The story on that extra 400 million euros for research

Vice-president Wim van Saarloos

Many Academy staff and members have been asking José and me about the status of the extra funding for research promised in the Government’s coalition agreement.  

'What are they planning in The Hague? When will hear about it? How will the money be used? Are we going to start implementing the Dutch National Research Agenda, and if so, how? Is there enough leeway to improve the basic infrastructure, and if so, how will we do that?' Although we haven’t got precise answers to these questions yet, the overall outlines are gradually becoming visible. 

By March 2018, there should be more clarity, at least in general terms, about the extra funding for research provided for in the coalition agreement. That’s when the Ministry of Education, Culture and Science will prepare a spending proposal to set aside 200 million euros for basic research and 50 million euros for applied research, with the latter sum being bumped up by another 150 million euros from the Ministry of Economic Affairs and Climate. The proposals will then go to the Ministry of Finance. The two Ministries have consulted the various Knowledge Coalition partners about the underlying concepts of their proposals. The Minister of Education, Culture and Science has already admitted publicly that she wants to prioritise the Dutch National Research Agenda and boost the basic infrastructure in the science and technology sector, in line with the coalition agreement. We therefore expect that these points will feature in the plans. But the phrase ‘in general terms’ is important here: there are not likely to be precise rules governing how the money is to be channelled into expenditures. That means that a lot of work (and thought) will have to go into the subject after March as well, for example regarding the best way to implement the National Research Agenda. The Knowledge Coalition would like to take the routes identified in the National Research Agenda as the point of departure, and NWO is working on various proposals to that end. A suggestion by Academy member Bert Meijer to bolster the basic infrastructure on a sector-by-sector basis (inspired by the physics and chemistry sector plan) appears to be gaining traction in The Hague. This approach should also allow leeway for sector plans by the social sciences and humanities. We plan to organise a meeting about the new sector approach shortly.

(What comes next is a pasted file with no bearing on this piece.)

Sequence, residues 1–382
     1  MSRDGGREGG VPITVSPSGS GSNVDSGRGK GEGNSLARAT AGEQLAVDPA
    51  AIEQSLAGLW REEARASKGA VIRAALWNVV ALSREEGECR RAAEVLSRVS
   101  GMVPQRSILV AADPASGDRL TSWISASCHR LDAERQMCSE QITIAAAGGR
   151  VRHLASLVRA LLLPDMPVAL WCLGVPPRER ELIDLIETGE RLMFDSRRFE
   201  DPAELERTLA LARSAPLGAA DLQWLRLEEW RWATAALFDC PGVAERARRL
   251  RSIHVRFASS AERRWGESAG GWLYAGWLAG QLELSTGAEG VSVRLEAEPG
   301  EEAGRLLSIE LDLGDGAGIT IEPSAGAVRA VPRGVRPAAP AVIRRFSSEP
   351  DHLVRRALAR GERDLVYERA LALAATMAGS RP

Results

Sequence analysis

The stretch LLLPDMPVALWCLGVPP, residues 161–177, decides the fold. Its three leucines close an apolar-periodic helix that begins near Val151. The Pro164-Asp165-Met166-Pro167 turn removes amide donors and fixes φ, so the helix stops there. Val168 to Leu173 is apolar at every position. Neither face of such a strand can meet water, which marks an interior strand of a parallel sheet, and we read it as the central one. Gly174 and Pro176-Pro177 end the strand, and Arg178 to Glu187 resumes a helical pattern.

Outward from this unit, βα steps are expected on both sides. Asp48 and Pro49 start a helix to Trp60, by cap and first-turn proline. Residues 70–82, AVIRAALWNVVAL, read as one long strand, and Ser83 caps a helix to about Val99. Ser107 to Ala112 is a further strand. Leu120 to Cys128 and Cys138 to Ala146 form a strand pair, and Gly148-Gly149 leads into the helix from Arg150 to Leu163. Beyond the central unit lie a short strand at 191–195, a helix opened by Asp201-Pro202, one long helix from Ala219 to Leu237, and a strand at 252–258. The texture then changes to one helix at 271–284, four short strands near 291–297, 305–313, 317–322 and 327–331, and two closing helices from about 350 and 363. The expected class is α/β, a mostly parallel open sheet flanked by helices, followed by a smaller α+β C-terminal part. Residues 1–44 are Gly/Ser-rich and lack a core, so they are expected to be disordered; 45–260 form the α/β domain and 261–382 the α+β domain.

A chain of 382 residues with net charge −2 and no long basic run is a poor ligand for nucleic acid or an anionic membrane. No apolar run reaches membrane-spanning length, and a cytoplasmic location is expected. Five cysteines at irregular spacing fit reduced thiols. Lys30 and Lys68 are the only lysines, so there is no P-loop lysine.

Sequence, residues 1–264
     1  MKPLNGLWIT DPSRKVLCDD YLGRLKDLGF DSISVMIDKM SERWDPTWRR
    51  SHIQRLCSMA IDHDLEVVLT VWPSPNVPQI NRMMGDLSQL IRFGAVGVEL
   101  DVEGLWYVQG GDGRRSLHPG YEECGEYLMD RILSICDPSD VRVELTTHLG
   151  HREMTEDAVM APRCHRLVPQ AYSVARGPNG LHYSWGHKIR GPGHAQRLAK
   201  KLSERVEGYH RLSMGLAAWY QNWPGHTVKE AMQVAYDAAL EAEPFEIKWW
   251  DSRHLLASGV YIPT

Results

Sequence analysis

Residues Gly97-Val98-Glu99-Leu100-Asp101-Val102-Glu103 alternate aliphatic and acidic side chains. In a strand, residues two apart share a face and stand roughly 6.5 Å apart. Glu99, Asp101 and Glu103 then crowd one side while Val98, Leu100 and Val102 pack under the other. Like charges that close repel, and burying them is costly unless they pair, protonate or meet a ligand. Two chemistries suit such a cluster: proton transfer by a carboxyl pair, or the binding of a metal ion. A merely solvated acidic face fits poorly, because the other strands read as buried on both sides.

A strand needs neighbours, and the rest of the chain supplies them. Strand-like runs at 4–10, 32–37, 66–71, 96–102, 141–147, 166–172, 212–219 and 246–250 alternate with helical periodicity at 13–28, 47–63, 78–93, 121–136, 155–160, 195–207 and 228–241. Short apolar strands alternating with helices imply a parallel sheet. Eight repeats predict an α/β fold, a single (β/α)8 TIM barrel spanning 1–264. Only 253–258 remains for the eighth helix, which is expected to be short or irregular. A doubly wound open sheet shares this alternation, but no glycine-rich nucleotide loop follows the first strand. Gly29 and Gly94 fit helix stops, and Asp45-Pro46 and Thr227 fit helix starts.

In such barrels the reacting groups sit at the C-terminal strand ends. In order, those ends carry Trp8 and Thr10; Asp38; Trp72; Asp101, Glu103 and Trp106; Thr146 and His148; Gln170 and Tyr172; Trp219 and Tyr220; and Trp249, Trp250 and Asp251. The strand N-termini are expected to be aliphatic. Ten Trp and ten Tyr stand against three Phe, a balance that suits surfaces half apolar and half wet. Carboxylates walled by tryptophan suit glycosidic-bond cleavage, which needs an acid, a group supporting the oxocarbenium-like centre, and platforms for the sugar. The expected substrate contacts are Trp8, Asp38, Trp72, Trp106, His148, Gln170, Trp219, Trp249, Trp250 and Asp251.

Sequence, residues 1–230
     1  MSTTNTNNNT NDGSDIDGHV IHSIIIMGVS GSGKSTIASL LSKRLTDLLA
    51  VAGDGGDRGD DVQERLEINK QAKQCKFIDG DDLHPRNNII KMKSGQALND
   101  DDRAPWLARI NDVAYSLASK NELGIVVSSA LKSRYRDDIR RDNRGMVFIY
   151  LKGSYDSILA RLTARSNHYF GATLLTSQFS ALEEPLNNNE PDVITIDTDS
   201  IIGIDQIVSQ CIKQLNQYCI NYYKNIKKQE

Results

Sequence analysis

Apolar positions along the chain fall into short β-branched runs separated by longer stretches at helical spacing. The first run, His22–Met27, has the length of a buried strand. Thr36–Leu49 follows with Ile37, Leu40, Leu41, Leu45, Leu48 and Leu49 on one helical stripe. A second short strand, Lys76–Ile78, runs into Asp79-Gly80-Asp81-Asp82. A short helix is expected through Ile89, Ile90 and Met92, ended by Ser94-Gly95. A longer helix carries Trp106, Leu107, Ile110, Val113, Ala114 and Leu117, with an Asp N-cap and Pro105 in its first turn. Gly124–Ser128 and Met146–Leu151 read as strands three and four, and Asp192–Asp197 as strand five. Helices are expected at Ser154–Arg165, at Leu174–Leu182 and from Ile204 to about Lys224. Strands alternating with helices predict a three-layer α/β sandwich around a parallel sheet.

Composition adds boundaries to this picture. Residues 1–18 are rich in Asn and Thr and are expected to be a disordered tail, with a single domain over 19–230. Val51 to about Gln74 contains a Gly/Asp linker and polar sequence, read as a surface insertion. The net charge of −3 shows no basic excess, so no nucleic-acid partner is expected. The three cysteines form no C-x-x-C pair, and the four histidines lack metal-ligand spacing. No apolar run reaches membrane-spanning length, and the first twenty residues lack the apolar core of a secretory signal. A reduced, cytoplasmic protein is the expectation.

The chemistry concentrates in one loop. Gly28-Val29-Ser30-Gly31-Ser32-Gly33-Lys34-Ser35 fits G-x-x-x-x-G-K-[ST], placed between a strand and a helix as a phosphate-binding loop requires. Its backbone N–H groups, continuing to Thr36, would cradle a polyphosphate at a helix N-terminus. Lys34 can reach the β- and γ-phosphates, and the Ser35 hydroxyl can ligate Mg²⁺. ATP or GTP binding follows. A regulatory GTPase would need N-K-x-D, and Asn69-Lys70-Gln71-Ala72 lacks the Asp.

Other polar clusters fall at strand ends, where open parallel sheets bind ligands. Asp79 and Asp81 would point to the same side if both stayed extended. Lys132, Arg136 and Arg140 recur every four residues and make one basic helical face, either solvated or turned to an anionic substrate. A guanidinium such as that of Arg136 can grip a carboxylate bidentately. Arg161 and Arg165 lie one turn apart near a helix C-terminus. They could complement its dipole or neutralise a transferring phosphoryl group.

In stark contrast to the apparent silence from The Hague, three Academy reports published in the past week have generated broad media interest: Replication Studies (which will be the focus of our Domain Event on 5 March 2018), Aantrekkelijkheid van Nederland als Onderzoeksland [The Netherlands’ appeal as a research hub] and Talen voor Nederland [Languages for the Netherlands]. The latter report appeared just as the debate about using English in higher education flared again. Our Communication department’s new policy of providing detailed information for the media before we publish a report is clearly bearing fruit: newspaper articles addressing the reports and the related interviews and discussions have increased their impact considerably. We are very happy about the Academy’s growing visibility as an advisory body, a role that our four advisory councils and many members have taken upon themselves with great relish.

Wim van Saarloos